Challenges immense for infectious disease research in large animals
Infected bison, swine, deer are cause for special biosecurity
The challenges of using mice as part of infectious disease research are relatively minor when compared with studies involving large animals.
Consider the biosafety requirements for a tuberculosis study involving white-tailed deer. Think about the potential for injury to staff who are coaxing an unwilling bison into a holding pen for brucellosis research. Imagine the type of facility needed to process waste from 200 pigs housed together for a pseudorabies investigation.
These and other factors must be taken into account when planning and using laboratories for studies of communicable diseases in large animal species, explained a former Department of Agriculture official Nov. 10, 2003, at the annual meeting of the Conference of Research Workers in Animal Diseases in Chicago.
Prior to joining an architectural firm in Madison, Wis., as director of business development, Scott Rusk supported animal disease research as assistant director of the USDA's National Animal Disease Center in Ames, Iowa.
In Rusk's keynote address, he highlighted variables necessary to guarantee sound scientific results, personal safety, and animal care, and to prevent infectious materials from being released into the environment. The presentation was based on a report Rusk prepared with Kim A. Brogden, PhD, and Diana L. Whipple, of the National Animal Disease Center, and Dr. Thomas O. Bunn of the USDA National Veterinary Services Laboratories in Ames.
Laboratory mice, rats, and other small animals are housed in groups in biosafety cabinets and managed with relative ease. Not so with bovids, deer, and swine, which are also usually housed together over long periods.
A wide variety of special operational additions are, therefore, essential, including those that account for the animals' size and temperament. Rules and guidelines relating to their health and welfare must be observed while ensuring a biologically secure area.
"Agriculture has a biosafety flair to it that's quite a bit different than your standard (Centers for Disease Control and Prevention) and (National Institutes of Health) guidelines," Rusk said.
Facilities must be equipped with chutes and drop boxes so animals can be safely moved and restrained. To avoid injury to animals, floors can't be too rough or slippery. Steel is the preferred material for animal spaces because it allows for thorough fumigation and decontamination.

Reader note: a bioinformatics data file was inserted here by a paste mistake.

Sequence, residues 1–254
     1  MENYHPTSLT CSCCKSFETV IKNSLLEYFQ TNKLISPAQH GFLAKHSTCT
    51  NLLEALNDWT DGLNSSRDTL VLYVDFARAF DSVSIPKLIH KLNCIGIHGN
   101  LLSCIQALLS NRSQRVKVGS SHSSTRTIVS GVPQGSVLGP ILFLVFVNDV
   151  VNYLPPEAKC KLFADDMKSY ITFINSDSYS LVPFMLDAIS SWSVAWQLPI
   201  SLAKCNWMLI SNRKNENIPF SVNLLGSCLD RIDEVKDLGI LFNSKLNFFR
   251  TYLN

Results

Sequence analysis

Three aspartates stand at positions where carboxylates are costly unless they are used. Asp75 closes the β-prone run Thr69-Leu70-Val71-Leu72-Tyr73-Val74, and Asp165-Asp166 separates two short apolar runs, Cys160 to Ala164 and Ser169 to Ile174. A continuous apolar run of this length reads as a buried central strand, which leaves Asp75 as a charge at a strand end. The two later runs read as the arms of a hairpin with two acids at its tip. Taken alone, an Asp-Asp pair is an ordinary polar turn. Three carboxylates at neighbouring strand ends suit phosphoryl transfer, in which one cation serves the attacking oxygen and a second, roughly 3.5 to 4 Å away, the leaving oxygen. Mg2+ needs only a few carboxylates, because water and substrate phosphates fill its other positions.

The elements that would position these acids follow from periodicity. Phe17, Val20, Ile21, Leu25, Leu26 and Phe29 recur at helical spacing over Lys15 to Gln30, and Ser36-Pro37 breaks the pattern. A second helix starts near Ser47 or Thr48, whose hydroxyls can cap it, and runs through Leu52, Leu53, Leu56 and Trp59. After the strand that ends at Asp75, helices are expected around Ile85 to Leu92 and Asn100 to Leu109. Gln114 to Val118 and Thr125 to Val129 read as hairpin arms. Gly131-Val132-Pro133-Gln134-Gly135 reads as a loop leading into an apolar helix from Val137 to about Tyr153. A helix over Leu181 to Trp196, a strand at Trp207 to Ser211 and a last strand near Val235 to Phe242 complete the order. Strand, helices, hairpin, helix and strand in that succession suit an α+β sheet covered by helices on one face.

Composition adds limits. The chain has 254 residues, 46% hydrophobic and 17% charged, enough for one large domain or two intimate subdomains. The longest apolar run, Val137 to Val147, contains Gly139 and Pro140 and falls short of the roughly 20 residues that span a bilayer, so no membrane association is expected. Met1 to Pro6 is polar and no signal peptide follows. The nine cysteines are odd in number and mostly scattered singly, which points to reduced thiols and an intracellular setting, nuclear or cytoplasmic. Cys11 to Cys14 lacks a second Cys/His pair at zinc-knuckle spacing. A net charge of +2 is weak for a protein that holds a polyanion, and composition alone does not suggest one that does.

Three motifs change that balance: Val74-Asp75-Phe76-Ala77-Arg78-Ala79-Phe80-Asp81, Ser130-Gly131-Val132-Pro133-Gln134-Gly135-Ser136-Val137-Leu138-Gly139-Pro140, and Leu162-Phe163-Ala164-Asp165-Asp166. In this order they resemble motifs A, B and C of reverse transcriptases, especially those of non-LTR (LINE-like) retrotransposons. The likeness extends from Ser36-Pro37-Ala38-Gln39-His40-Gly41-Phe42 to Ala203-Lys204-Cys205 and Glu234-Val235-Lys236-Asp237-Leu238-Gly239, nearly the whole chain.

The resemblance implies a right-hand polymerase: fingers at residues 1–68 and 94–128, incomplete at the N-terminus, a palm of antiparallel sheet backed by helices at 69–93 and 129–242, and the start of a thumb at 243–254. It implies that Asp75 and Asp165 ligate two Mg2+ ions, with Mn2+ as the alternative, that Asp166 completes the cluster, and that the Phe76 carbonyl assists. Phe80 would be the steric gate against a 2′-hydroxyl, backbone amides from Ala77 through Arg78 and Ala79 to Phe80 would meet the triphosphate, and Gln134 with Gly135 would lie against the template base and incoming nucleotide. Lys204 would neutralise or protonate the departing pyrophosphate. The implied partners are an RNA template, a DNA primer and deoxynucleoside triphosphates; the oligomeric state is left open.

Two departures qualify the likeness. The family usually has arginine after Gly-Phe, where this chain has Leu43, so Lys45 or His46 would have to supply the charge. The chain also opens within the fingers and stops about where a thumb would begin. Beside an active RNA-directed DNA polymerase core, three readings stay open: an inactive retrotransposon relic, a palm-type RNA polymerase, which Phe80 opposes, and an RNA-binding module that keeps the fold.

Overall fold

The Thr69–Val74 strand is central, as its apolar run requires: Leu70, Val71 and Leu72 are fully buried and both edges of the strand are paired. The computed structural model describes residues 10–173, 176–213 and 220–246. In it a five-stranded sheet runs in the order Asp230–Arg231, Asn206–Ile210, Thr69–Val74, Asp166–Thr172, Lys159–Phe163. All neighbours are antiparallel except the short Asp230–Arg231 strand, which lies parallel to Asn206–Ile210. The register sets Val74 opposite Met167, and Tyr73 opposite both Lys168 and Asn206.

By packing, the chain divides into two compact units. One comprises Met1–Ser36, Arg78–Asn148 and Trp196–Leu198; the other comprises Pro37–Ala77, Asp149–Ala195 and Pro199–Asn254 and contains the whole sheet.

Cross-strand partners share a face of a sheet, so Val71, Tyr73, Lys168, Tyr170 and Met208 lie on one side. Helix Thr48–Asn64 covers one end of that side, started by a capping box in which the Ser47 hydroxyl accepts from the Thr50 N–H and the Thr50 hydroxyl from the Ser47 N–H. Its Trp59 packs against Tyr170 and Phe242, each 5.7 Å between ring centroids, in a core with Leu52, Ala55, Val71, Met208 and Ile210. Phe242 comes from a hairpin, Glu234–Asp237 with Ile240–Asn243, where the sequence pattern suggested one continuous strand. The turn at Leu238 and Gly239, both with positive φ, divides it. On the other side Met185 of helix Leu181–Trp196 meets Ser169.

Proper cleaning of facilities enhances research data, Rusk noted, because pathogens from previous studies are prevented from contaminating later ones. It also protects staff from illness if the pathogen is zoonotic in nature.
Moreover, a facility's infrastructure must satisfy several demands. These include providing for the animals' various temperature and humidity requirements; rendering and sterilizing animal waste before releasing it into a public sewer system; and filtering air drawn in and expelled from the biocontainment area.
No detail is too small, according to Rusk. For instance, he recounted how he once witnessed pigs eat paint off walls he was "certain" were bare. In addition, a pen can be easy or difficult to clean, depending on the location of the floor drain. Maintenance crews are usually prohibited from biocontainment areas, so rooms should be designed with this in mind.
The importance of properly functioning equipment cannot be overstated. "If your squeeze chutes don't work well, you put a lot of people, as well as the animal, at risk," Rusk said.
Regardless of how state-of-the-art a facility is, the facility itself can't ensure absolute biocontainment. People are the key, according to Rusk. Staff must observe a number of protocols to avoid contaminating a project, but also for their own safety.
Close contact with animals is often necessary with large animals, hence increasing chances for exposure.
"We crawl inside the biosafety cabinets, face to face with the animals," he said, and added that the cabinet's protections are canceled at such times. Respirators, eye protection, disposable clothing, and hair covers are musts. Staff must shower before and after entering a biocontainment zone, Rusk added.
Medical surveillance is another part of this. It might be necessary for staff to be vaccinated or receive annual physicals.
Physical safety is also a concern. White-tailed deer weigh more than a hundred pounds, bison as much as a ton, so depending on the research animal, staff might be wearing knee and shin guards. "Sometimes, these guys look like they're dressed up to do battle or catch behind home plate," Rusk observed.
Federal regulations require additional biosafety precautions for research involving biologic agents that can cause serious or lethal diseases. Studies on M tuberculosis or St. Louis encephalitis virus, for example, are to be conducted only in a biosafety level 3 facility. Additional controls mandated by the level range from staff qualifications to the location of the facility itself.
Rusk concluded by saying the $445 million upgrade of the USDA laboratories in Ames will incorporate all the features highlighted in his presentation.
—R. Scott Nolen